Column: The fight between Tom Brady and the NFL is far from over

FILE - In this Nov. 3, 2013, file photo, New England Patriots offensive coordinator Josh McDaniels, right, talks to quarterback Tom Brady during the fourth quarter of an NFL football game against the Pittsburgh Steelers in Foxborough, Mass. A federal appeals court has ruled, Monday, April 25, 2016, that New England Patriots Tom Brady must serve a four-game "Deflategate" suspension imposed by the NFL, overturning a lower judge and siding with the league in a battle with the players union. (AP Photo/Steven Senne, File)

The federal appeals court ruled Monday that New England Patriots quarterback Tom Brady will serve a four game suspension for his alleged involvement in deflating footballs during the 2014-15 NFL season.

"Our role is not to determine for ourselves whether Brady participated in a scheme to deflate footballs or whether the suspension imposed by the Commissioner should have been for three games or five games or none at all. Nor is it our role to second-guess the arbitrator's procedural rulings," Judge Barrington D. Parker wrote in the majority opinion. "Our obligation is limited to determining whether the arbitration proceedings and award met the minimum legal standards established by the Labor Management Relations Act."

The fight between Tom Brady and the NFL is far from over. ESPN’s Adam Schefter reported that sources have told him the four-time Super Bowl champion is not accepting the decision. Schefter claims Brady is reportedly exploring all his legal options. The Patriots have yet to issue a statement on the matter.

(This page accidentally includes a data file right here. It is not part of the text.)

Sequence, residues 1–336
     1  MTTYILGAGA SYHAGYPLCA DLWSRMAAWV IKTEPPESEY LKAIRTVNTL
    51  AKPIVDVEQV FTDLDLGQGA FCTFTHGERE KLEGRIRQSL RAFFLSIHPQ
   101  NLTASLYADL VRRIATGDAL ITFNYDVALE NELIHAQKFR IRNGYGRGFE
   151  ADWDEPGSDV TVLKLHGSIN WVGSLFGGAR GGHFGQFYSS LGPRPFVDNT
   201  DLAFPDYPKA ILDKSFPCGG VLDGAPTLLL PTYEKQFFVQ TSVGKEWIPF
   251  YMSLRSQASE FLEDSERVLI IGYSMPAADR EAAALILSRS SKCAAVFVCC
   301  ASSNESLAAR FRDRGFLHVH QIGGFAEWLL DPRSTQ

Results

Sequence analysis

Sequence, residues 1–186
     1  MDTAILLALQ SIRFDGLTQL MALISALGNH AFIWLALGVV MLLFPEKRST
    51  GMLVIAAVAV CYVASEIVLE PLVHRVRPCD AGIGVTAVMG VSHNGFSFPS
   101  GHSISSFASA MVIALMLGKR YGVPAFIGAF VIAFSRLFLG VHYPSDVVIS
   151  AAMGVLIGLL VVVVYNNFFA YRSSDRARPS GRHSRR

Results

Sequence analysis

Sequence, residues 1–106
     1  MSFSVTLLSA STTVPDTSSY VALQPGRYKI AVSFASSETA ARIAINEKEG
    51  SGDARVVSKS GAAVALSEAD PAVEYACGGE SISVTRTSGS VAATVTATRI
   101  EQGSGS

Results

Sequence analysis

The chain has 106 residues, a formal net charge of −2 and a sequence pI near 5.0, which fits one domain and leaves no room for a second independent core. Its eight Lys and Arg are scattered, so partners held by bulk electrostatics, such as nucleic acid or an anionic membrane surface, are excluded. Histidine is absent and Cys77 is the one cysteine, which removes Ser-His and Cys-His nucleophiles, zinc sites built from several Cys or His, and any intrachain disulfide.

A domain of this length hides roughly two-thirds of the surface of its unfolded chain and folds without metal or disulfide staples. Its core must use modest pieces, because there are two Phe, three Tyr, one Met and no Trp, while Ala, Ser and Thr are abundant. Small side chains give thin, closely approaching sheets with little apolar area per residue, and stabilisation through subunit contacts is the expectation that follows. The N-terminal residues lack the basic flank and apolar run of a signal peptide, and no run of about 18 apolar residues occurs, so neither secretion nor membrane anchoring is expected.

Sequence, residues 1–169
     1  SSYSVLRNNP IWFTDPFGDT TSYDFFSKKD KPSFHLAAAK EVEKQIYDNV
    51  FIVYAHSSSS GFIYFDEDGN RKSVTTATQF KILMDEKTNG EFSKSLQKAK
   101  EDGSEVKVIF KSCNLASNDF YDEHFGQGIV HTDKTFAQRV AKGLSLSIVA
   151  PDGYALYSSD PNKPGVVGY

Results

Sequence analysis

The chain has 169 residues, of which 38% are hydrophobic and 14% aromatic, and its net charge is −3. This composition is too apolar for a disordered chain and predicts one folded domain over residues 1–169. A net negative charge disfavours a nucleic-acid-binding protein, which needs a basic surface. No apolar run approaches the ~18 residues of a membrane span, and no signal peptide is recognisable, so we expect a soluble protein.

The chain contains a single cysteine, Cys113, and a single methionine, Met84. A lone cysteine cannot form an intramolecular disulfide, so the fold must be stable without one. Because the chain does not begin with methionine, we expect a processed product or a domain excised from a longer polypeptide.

NFL Commissioner Roger Goodell was satisfied with the court’s decision. Goodell, as you may know, has been a thorn in Brady’s side since the situation arose.

"We are pleased the United States Court of Appeals for the Second Circuit ruled today that the Commissioner properly exercised his authority under the collective bargaining agreement to act in cases involving the integrity of the game," the NFL said in a statement. "That authority has been recognized by many courts and has been expressly incorporated into every collective bargaining agreement between the NFL and NFLPA for the past 40 years."

At this point there are two options for Brady. He can either appeal for a rehearing in front of the same panel, or take his case to the Supreme Court. However the only problem with both of these actions is that time is not on his side. A Supreme Court case takes a long time to process. They do not go by the schedule of a football game.

If Brady and the Patriots decide they do not want to take the case to the Supreme Court they can also look to the NFL for a reduced sentence. The NFL has the power to reduce the suspension in order to avoid further appeals if Brady agrees to their terms.

Brady and company will have a much tougher battle this go around because Judge Barrington D. Parker is not buying the excuses.

Parker told Brandt and Reiss that Brady’s timely cellphone destruction raised the stakes “from air in a football to compromising the integrity of a proceeding that the commissioner had convened. Mr. Brady's explanation of that (cellphone) made no sense whatsoever."  

As of right now, Brady is scheduled to miss games against the Cardinals, Dolphins, Texans and Bills. The Patriots may go 2-2 during this stretch due to their ability to adapt. However make no mistake, Patriots backup quarterback, Jimmy Garoppolo, will certainly have his hands full. He only completed one pass in the five games he played last season.


Eddie Leonard is a staff writer for The Daily Campus. He can be reached via email at edward.leonard_iii@uconn.edu. He tweets @EddieLeonard23.